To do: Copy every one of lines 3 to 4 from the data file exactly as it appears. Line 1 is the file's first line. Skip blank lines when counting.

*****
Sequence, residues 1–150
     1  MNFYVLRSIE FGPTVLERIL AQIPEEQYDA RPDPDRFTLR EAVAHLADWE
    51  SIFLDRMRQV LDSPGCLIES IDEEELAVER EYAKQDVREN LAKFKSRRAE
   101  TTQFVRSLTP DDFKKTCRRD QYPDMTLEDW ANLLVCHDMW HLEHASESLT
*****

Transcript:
    51  SIFLDRMRQV LDSPGCLIES IDEEELAVER EYAKQDVREN LAKFKSRRAE
   101  TTQFVRSLTP DDFKKTCRRD QYPDMTLEDW ANLLVCHDMW HLEHASESLT